To ensure your Chief Information Office (CIO) is leading on Information Technology (IT) projects, instead of reacting to IT-gone-haywire, a delicate roadmap is needed – particularly when it comes to the Cloud.
“The difference between CIOs who lead and those caught in never-ending reactionary cycles is often a strategic IT plan and integration roadmap,” says Louis Columbus at CloudTech. If your IT commander-in-chief is going about your company’s move to the Cloud without a solid plan in place, it might become challenging to handle.
- Find out the benefits that come with creating a robust roadmap for your IT upgrades.
- When it comes to Cloud computing, you need a plan in place to avoid spending cash in unnecessary areas.
- Consult a trustworthy IT service provider. Trust is essential when handing over the keys to your intellectual property vault.
The benefits of an IT roadmap
Speaking to CIOs from sectors including financial services, logistics, manufacturing, retail, and aerospace, Columbus says he’s deciphered key factors that show why creating “integrated roadmaps” is essential. When it comes to maintaining steadfast control of IT priorities and expenditure, a map will eliminate wastage.
Cloud integration roadmaps provide cost savings
“CIOs who create and continually improve their integration roadmaps are prioritising purpose-optimised integration strategies to more efficiently scale global operations,” says Columbus. SAP and Salesforce, which create a real-time, integrated link between them, are an example of how CIOs use purpose-driven integration to decrease customer response times for information.
Integrated roadmaps are helping these companies improve customer satisfaction while also enabling data acquisition and updates without a need for complex middleware, coding or technology purchases.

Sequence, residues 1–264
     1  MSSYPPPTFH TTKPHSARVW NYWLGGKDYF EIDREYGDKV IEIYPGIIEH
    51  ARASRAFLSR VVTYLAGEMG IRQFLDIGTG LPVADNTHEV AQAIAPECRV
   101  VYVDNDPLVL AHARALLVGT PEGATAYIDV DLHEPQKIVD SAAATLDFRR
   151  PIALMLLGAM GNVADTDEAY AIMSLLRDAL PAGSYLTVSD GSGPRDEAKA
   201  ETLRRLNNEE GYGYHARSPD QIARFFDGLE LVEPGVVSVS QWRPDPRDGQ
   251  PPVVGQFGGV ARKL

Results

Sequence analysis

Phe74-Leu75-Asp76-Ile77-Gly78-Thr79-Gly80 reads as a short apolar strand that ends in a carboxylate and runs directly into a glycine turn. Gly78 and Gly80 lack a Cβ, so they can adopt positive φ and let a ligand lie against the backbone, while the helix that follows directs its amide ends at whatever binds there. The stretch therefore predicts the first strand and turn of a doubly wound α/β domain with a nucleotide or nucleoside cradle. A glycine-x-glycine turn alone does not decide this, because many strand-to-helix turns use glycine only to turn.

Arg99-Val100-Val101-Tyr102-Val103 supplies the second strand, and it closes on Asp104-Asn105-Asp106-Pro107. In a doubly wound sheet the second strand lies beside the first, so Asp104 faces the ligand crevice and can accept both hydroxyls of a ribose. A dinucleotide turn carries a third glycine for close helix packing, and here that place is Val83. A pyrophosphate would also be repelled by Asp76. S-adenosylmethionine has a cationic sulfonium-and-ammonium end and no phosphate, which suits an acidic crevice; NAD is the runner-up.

How financiers see the Cloud
Merchant Capital, a leading South African provider of working capital for companies, says that Cloud computing sounds complex to many business leaders, but it’s actually very simple, and there are several benefits the Cloud brings for you and your business. But a roadmap is essential to ensure you get your Cloud solutions right. Consider these factors in your roadmap:
1. Work out your cost-savings by going to the Cloud. You won’t need to purchase expansive (and expensive) hardware and physical infrastructure, so there is less maintenance and fewer upgrade requirements.
2. Cloud helps you to run your business more efficiently and flexibly, because you now have access to all your information anywhere, anytime, and from any device. At the same time, you need cyber security tools and protocols.
3. The Cloud enables easier collaboration amongst employees, and between your business and customers, but factor-in the organisational changes that are necessary. Buy-in and support are required across the company, to ensure everyone is happy working with new tech.
4. It’s important to remember that your business information is safe in most Clouds. Reputable service providers also backup your data and make use of up-to-date security software. So, you can rest more soundly at night knowing servers aren’t crashing.
IT and its relationship with business intelligence
According to Masindi Mabogo, director at PBT Group, an information management and business insights provider, companies can use business intelligence to manage their data, produce insights, and make stronger and better strategic decisions. But to achieve this, you need a road map and the Cloud.
“This information is also a useful asset for identifying and managing business risk, and anticipating internal and external opportunities in organisations, which are essential to maintain an organisation’s competitive edge and stimulate innovation,” Mabogo says.